We joke, but it’s truly nuts that we live in a world where a man can just buy a place that has been used by activists to take down dictators, journalists to quickly gather information, people of all walks to keep up with breaking events, and just run it into the ground.
— Elad Nehorai (@EladNehorai) November 10, 2022
For all its failings, one space where Twitter has excelled is empowering activism: calling out injustice, community organizing, and on-the-ground reporting from dozens of protests at once. Conservatives bitch about their fascist tweets getting deleted and “misinformation” because they can’t tell you about “the ivermectin cure,” but what actually seems to be censored and misrepresented in mainstream press is disruptions to power: protesters are painted as looters, police spray children with tear gas at nonviolent protests, journalists get black-bagged and shot despite their press badges. I watched all this happening from afar in BLM protests around the country – these three particular instances were in Bellevue, Seattle and Portland. And the “terrifying” Capital Hill Autonomous Zone or whatever they called themselves planted a community garden in a public park — oh the atrocity! 😱 I could read and see accounts from multiple people at various protests, photos and videos from multiple angles, and read accounts from journalists at protests, and real community members could dispel fear mongering and scapegoating.
If Twitter collapses, where do we go for that kind of information?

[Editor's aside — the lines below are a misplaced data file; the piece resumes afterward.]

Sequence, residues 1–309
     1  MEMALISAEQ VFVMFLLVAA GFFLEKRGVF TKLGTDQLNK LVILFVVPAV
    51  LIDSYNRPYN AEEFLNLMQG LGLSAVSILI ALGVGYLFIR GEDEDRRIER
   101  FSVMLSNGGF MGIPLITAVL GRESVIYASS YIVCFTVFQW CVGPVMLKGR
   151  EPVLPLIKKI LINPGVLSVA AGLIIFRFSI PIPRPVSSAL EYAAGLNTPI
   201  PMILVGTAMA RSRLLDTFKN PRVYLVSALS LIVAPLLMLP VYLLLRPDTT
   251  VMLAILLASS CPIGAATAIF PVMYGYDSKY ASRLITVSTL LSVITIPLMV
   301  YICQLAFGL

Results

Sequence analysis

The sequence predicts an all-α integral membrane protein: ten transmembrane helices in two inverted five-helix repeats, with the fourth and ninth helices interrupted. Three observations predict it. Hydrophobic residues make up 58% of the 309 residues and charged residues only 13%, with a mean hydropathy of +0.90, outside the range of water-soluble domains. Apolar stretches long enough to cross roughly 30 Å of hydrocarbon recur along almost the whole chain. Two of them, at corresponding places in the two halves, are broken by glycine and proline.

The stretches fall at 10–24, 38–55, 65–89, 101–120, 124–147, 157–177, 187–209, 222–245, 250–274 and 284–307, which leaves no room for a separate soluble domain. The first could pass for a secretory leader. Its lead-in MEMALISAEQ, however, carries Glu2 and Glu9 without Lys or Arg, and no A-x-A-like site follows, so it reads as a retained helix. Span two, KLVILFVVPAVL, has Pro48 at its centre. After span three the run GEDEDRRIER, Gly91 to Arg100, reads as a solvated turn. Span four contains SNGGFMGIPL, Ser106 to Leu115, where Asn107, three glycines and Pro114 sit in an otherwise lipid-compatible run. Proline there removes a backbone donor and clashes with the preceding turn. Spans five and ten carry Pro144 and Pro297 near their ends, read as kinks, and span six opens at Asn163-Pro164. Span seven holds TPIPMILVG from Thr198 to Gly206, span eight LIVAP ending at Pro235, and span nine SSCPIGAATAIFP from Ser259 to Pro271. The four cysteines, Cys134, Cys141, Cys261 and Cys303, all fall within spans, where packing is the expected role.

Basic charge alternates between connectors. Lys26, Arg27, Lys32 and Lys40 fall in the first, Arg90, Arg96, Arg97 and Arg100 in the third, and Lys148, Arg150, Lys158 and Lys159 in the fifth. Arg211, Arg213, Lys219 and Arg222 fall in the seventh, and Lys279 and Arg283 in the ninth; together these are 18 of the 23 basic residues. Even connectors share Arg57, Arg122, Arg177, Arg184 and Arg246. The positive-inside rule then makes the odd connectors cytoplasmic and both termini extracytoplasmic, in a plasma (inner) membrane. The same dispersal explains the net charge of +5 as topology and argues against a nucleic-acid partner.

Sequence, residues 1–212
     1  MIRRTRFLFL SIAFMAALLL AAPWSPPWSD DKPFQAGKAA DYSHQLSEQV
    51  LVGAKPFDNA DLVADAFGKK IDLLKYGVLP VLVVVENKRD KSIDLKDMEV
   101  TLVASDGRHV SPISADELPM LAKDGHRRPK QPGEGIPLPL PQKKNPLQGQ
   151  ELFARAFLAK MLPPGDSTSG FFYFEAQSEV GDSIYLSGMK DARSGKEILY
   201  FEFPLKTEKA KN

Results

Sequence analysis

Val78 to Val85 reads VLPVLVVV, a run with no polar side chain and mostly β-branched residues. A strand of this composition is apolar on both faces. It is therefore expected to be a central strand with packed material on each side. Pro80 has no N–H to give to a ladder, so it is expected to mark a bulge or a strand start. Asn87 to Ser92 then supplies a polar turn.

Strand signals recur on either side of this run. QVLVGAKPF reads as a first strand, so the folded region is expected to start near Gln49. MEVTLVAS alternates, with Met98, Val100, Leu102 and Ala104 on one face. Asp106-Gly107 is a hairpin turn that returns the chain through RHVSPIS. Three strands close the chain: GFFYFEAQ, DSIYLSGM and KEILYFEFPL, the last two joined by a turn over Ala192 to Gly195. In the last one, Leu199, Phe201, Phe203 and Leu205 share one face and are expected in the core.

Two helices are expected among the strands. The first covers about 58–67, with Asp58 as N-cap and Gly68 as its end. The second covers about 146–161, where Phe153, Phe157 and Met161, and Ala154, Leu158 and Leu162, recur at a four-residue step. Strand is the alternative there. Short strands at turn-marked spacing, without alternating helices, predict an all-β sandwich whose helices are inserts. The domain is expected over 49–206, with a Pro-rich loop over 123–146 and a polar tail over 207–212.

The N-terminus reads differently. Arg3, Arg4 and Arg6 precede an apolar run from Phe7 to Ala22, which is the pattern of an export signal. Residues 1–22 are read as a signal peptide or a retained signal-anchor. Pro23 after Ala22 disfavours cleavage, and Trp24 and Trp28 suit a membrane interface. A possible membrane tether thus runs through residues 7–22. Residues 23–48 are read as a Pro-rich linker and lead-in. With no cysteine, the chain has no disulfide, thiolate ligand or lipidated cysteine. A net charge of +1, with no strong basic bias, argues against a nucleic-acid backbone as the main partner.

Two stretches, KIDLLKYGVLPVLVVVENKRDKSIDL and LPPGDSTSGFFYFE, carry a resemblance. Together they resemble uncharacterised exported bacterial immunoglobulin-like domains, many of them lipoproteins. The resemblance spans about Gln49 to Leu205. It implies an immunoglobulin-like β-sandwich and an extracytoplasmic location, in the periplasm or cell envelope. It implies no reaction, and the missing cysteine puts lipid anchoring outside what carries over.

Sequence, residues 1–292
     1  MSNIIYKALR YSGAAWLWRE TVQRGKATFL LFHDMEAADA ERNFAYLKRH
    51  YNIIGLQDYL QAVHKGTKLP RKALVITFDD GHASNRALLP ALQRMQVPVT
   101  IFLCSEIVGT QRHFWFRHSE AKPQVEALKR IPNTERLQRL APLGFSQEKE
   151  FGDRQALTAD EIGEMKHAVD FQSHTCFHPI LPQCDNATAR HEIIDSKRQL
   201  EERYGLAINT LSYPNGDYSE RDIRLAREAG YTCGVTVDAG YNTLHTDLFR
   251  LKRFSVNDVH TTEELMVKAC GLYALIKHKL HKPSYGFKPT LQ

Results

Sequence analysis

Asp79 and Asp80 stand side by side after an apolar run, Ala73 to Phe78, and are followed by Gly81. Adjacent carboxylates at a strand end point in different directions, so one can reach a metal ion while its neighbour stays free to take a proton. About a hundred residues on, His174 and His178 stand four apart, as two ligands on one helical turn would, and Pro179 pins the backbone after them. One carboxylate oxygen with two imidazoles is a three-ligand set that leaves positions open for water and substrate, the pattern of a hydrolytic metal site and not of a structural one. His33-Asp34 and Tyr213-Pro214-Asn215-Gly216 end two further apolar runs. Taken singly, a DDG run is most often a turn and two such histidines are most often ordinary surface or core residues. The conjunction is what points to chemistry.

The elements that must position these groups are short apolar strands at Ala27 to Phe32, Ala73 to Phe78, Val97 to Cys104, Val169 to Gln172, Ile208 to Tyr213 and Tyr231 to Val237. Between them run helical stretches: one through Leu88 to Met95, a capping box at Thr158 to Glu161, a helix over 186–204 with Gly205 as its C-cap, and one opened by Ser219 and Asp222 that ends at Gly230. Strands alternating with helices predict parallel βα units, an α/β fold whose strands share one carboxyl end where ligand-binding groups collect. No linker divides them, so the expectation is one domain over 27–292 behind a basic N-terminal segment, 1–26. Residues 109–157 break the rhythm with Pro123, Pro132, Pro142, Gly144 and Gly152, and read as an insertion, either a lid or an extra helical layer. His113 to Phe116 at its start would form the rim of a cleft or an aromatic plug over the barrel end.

If we didn’t have Twitter, would any of us have heard about George Floyd or Breonna Taylor?
Activism has adapted to make use of online platforms and advocate to a larger audience. I haven’t been going to protests in person, so I don’t know how essential that link is.
If Twitter collapses, what happens to the women of Iran right now?
Can federated / distributed spaces allow the kind of real-time information spread that has made Twitter invaluable for activism?
Mastodon only searches hashtags within your (an?) instance from my understanding. You need to already know who to follow or be in an instance where people are sharing that kind of information.
Twitter introduces me to things I don’t even know exist
Mastodon lets me find the things I know exist
That, to me, is the difference
— malice ghoulpus (@alicegoldfuss) November 10, 2022
(☝️ I do not know this to be true first-hand but wouldn’t be surprised given the model)
And the IndieWeb already struggles with discoverability.
I don’t think TikTok can serve the same function — too easy in their algorithmic model to keep anything from spreading, and video is so much slower to produce and consume than text that you can’t follow as many separate accounts to get an understanding of what’s happening.
Facebook gave us genocide in Myanmar. They’re not going to be a help here. Instagram doesn’t seem built in a way that’s easy to follow trending topics. Their ephemeral posts (stories) aren’t easy to find or follow. I haven’t used it lately so I don’t know how Reels work.